BlackBerry’s smartphone supplier, Jabil Circuit, is to wind down its relationship with the Canadian company
The gloom hanging over BlackBerry continues with the news that its handset supplier is winding down its relationship with the former smartphone leader.
Two days after BlackBerry signed a $4.7 billion (£2.9bn) letter of intent to sell the company to Fairfax Financial Holdings, the investment firm run by former BlackBerry board member Prem Watsa, BlackBerry’s smartphone supplier, Jabil Circuit, announced it is bringing its partnership agreement with BlackBerry to a close.
“We are in discussions right now, on how we are going to wind down the relationship,” CEO Mark Mondello said during a conference call late on 25 September, the Globe and Mail reported the next day, adding that the comment was a rare departure from the company’s usual practice of declining to comment on specific customers.
BlackBerry, which was scheduled to hold its second quarter earnings call the morning of 27 September, called off the call 25 September.
“In light of the letter of intent agreement between BlackBerry and Fairfax Holdings Limited that was signed and announced on Monday, 23 September, BlackBerry has cancelled its second quarter earnings conference call and webcast that had previously been scheduled for Friday,” the company said in a statement.
It added that at 7am it will still publish its results, but that management’s discussion and analysis will have to wait for next week.
On 20 September, as Apple made its newest iPhone available, BlackBerry released the preliminary results of its second quarter, sharing that it expected a net operating loss between $950 million (£592m) and $995 million (£620m). Revenue was expected to be $1.6 billion (£998m), and the company sold 3.7 million smartphones during the quarter.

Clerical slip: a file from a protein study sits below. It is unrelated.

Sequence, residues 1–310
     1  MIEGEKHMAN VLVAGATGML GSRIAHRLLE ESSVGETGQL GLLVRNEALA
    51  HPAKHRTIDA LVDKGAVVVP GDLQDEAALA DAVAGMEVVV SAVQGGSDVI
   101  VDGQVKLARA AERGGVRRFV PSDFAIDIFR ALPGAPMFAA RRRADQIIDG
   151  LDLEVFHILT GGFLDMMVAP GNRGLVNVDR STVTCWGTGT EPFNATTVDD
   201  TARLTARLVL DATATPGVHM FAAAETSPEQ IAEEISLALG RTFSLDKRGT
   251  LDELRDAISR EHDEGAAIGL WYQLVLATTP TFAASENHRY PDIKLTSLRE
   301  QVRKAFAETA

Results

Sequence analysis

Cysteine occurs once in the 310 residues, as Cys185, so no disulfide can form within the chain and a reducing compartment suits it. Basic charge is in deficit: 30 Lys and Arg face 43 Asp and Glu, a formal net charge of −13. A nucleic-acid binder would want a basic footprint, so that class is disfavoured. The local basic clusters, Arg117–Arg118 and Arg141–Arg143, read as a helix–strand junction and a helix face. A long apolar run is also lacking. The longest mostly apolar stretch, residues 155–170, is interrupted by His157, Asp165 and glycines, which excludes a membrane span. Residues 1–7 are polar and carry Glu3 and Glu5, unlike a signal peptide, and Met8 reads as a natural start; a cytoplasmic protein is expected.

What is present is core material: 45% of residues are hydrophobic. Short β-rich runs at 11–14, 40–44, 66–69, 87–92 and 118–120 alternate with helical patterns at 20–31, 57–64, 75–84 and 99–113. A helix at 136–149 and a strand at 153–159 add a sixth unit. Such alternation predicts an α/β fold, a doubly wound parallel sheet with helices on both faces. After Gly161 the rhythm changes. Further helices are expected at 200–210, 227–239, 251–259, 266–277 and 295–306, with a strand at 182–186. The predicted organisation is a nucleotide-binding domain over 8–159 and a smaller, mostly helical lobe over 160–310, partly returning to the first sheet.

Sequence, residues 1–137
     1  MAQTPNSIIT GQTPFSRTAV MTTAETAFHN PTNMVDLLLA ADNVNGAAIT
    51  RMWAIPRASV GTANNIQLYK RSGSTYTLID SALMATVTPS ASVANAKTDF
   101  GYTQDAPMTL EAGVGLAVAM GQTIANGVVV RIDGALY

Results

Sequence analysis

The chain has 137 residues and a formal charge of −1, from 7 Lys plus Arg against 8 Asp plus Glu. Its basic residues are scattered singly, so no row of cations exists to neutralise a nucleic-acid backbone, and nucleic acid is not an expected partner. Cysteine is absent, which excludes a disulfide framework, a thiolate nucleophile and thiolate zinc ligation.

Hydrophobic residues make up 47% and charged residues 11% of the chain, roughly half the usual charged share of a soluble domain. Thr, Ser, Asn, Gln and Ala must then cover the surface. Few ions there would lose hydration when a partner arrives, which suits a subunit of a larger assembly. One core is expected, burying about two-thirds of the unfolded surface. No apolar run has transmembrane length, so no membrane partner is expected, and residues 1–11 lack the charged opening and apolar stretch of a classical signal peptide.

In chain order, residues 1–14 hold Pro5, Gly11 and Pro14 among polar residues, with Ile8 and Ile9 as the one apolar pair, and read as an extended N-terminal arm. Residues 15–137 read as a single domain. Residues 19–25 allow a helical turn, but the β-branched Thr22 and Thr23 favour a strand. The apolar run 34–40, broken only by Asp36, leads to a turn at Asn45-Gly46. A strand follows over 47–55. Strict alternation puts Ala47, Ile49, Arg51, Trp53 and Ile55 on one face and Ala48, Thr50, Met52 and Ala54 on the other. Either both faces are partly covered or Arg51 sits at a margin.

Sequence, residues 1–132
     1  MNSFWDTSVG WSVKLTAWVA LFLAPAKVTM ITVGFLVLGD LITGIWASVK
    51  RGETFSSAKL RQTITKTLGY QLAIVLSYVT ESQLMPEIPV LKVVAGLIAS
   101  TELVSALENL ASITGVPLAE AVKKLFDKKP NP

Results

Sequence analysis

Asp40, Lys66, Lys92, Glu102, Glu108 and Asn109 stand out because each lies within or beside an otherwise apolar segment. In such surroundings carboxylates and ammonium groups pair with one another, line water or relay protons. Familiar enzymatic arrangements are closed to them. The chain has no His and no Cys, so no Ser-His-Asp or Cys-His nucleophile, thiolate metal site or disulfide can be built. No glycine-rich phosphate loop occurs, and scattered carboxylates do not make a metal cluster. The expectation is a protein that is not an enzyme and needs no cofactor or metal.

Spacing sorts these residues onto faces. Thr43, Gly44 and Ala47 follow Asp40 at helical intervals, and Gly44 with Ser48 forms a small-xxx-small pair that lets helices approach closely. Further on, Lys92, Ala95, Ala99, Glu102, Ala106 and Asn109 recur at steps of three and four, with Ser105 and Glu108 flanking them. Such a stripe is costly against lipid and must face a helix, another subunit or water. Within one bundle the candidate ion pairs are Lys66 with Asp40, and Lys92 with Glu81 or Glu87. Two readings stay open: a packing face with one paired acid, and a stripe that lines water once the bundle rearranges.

More surprisingly, CEO Thorsten Heins announced a refocusing effort on the enterprise and prosumer markets and said that the company’s smartphone portfolio will be reduced from six devices to four, with two high-end devices and two entry-level.
“Going forward, we plan to refocus our offering on our end-to-end solution of hardware, software and services for enterprises and the productive, professional end user,” Heins said in the statement. “This puts us squarely on target with the customers that helped build BlackBerry into the leading brand today for enterprise security, manageability and reliability.”
The move also undoes BlackBerry’s work of the last 10 months. Through efforts like hiring singer-songwriter Alicia Keys to be its creative director, pursuing projects with creative types like director Robert Rodriguez and working to stock its app store with games and consumer-friendly apps, BlackBerry has worked to create devices and a BlackBerry 10 ecosystem that could compete with Apple and Android devices for consumer affections.
Following the news that BlackBerry will stop marketing to consumers, T-Mobile decided to stop stocking BlackBerry handsets in its stores.
David Carey, executive vice president for corporate services, told Reuters 24 September that T-Mobile will continue to sell display and support the devices, but it would no longer keep them in stock, calling it “inefficient,” given the low demand it sees for the smartphones.
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Originally published on eWeek.